Last month, Akin said that pregnancy rarely happens in cases of "legitimate rape" because women's bodies have a way of preventing conception.
Most recently, after their debate last week, Akin said incumbent Sen. Claire McCaskill (D) came out like a "wildcat" and characterized her behavior was more "ladylike" during her first Senate campaign in 2006.
Akin has apologized repeatedly for the first remark, while supporters and their funding made a quick retreat.
Still, in recent days, some Republicans have backed off their earlier criticism of Akin.
Akin has received support from DeMint's group, along with Sens. Lindsey Graham (R-S.C.) and Tom Coburn (R-Okla.) as the focus has shifted to winning back the majority in the Senate.
Sen. Roy Blunt, a fellow Missouri Republican, also weighed in on the Akin race Sunday.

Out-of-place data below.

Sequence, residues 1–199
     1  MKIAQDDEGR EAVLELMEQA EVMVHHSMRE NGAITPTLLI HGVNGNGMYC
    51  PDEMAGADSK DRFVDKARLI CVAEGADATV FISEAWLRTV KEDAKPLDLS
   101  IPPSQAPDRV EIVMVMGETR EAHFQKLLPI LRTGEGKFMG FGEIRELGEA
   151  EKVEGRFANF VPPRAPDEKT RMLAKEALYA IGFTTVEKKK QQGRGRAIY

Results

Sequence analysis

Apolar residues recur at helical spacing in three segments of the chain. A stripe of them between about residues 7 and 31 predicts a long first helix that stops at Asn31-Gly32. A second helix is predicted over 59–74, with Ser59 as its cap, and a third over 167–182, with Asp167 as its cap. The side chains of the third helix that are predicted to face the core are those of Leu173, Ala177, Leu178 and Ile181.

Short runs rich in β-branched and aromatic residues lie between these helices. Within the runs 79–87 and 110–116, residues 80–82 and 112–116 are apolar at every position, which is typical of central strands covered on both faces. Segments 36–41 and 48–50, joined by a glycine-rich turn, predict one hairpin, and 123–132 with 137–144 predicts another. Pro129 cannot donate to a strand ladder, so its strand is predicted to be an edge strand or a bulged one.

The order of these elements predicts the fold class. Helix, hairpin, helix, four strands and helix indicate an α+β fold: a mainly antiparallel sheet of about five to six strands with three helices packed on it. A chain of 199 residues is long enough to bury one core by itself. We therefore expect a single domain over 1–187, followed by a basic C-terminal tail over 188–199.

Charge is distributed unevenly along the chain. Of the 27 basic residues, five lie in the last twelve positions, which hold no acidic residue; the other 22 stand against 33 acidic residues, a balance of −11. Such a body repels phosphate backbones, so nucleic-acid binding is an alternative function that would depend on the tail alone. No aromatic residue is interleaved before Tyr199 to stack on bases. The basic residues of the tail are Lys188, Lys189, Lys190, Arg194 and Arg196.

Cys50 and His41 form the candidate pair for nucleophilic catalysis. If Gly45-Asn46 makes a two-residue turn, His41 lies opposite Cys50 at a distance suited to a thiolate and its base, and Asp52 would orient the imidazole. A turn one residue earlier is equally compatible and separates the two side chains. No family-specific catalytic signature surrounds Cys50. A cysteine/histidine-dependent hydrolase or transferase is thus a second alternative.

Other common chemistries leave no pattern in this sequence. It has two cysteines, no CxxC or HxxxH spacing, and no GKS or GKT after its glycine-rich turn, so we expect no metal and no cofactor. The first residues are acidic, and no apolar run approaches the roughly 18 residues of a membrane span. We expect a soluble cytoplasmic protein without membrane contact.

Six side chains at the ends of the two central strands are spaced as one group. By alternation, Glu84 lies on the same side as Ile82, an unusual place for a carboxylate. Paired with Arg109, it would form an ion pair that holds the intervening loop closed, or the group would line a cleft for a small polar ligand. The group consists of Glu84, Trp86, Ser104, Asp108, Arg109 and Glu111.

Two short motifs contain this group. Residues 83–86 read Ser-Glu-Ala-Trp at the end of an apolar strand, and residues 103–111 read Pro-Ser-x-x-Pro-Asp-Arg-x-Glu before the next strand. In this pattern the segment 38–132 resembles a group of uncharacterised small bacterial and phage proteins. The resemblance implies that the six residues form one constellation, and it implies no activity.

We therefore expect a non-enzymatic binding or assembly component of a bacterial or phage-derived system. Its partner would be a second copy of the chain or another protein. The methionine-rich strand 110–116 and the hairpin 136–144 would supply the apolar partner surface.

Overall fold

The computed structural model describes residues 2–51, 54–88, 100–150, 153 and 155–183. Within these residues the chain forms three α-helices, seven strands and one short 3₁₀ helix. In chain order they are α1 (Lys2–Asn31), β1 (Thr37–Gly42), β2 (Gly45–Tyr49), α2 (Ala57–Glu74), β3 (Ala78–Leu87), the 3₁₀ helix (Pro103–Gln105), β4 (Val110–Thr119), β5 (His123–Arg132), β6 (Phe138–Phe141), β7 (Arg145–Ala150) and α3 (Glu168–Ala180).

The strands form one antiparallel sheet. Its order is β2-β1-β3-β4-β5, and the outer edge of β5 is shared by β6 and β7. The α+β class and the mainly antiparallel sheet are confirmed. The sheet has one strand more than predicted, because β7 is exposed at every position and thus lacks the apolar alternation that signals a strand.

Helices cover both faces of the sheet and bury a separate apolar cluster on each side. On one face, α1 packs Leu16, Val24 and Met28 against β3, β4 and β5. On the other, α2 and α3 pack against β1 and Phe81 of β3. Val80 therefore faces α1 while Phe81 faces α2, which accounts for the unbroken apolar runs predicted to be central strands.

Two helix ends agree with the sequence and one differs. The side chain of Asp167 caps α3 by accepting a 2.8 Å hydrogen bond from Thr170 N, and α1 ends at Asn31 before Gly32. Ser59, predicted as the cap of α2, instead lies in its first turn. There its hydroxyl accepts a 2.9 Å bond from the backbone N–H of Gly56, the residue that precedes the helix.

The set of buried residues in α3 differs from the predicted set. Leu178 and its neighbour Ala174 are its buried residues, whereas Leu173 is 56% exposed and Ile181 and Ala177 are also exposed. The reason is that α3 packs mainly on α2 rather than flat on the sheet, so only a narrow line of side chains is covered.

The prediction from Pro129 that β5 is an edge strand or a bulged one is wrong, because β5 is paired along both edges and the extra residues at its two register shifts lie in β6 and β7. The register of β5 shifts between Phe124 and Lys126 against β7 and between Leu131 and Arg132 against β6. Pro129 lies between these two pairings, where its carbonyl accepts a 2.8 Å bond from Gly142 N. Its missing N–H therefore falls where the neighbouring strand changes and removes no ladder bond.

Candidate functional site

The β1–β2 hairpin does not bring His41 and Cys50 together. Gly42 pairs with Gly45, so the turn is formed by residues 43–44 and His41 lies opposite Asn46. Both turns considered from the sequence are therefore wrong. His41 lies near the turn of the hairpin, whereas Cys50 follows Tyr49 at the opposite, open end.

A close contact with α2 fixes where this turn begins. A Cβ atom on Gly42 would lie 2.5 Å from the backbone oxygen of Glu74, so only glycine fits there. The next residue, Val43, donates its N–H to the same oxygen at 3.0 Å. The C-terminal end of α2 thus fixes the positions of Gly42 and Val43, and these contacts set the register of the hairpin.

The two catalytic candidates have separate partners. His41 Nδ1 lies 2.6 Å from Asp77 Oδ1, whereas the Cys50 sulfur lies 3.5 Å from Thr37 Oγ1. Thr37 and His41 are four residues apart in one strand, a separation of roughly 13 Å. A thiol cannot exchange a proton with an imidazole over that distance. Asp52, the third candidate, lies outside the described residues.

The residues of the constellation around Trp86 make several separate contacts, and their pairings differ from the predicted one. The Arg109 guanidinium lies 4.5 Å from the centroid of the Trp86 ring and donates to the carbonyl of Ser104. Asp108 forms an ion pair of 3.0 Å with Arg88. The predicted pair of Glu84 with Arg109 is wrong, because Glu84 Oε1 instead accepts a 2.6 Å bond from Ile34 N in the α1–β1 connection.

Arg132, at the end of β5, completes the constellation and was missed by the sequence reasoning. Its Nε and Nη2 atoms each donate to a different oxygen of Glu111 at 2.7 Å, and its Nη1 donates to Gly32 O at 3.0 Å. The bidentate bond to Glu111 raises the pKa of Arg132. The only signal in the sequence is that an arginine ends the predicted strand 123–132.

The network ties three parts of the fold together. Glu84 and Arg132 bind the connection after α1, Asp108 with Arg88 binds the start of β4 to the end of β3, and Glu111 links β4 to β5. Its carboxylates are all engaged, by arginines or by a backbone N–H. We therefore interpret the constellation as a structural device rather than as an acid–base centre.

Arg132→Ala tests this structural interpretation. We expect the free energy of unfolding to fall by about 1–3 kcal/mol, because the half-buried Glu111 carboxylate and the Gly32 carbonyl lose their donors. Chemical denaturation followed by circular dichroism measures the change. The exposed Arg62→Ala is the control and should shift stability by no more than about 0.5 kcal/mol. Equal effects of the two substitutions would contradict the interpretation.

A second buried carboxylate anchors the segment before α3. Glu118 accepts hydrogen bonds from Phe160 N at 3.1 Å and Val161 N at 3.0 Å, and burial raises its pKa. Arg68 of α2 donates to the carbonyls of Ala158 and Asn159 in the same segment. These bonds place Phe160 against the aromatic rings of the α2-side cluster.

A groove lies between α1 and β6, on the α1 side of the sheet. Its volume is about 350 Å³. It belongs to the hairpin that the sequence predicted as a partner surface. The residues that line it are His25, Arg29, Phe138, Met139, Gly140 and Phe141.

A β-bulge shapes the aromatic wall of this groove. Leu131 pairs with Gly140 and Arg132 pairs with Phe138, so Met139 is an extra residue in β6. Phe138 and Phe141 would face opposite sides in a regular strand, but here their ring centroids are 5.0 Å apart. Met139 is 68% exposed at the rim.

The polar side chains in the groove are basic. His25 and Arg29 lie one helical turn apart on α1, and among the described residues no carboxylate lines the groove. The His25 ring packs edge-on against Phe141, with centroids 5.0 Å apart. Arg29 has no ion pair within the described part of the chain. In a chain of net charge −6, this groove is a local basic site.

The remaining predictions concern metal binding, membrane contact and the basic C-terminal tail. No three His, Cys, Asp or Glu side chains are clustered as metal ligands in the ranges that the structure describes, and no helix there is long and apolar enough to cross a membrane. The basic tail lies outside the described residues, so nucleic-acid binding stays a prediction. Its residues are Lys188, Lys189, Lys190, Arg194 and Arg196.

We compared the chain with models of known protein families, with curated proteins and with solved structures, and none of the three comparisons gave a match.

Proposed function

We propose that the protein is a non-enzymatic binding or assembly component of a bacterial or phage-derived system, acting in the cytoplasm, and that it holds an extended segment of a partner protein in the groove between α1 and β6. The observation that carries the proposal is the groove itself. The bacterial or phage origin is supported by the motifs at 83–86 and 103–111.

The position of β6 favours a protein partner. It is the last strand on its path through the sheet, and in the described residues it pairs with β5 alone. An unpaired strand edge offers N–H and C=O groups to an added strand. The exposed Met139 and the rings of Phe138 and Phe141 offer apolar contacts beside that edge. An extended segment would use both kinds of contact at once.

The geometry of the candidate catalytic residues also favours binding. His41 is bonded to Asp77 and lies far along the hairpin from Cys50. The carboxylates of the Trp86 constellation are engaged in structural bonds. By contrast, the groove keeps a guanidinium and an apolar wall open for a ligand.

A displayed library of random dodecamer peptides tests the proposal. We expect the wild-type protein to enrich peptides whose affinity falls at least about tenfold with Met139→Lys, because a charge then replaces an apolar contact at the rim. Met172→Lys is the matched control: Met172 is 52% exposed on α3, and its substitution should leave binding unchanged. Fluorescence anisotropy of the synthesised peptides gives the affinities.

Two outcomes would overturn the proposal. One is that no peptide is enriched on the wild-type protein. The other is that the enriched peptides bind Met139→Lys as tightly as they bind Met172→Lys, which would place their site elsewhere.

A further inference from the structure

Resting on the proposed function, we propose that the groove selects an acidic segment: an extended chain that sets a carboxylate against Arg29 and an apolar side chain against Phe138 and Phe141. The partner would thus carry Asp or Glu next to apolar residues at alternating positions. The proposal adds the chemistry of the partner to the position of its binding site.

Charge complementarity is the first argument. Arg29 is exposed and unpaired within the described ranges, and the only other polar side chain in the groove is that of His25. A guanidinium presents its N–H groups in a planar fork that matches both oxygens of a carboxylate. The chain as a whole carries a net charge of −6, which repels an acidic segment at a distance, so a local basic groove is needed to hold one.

Walking back his initial assertion that Akin should "step aside," Blunt said Missouri voters will overlook Akin's divisive comments and choose him for the sake of denying Sen. Harry Reid (D-Nev.) and the Democrats a majority in the next Congress.
"At the end of the day, that race does largely become a debate about the majority in the Senate," Blunt said on CNN's "State of the Union" program.
"He [Akin] is on a ticket, at a time, when people are looking at a Senate that's not doing its work, and the only way to change the Senate is to change the majority of the Senate.
"It becomes a party race," Blunt added.
Appearing beside Blunt, Maryland Gov. Martin O'Malley (D) had a decidedly different take. He said Akin "is going to lose because of [his] demonstrated anti-woman policy."
Last week, Republican National Committee Chairman Reince Priebus said Akin was "absolutely" a better option than McCaskill.
"That's a given, and as chairman of the party, I have an obligation to make sure we win as many seats in the Senate as possible."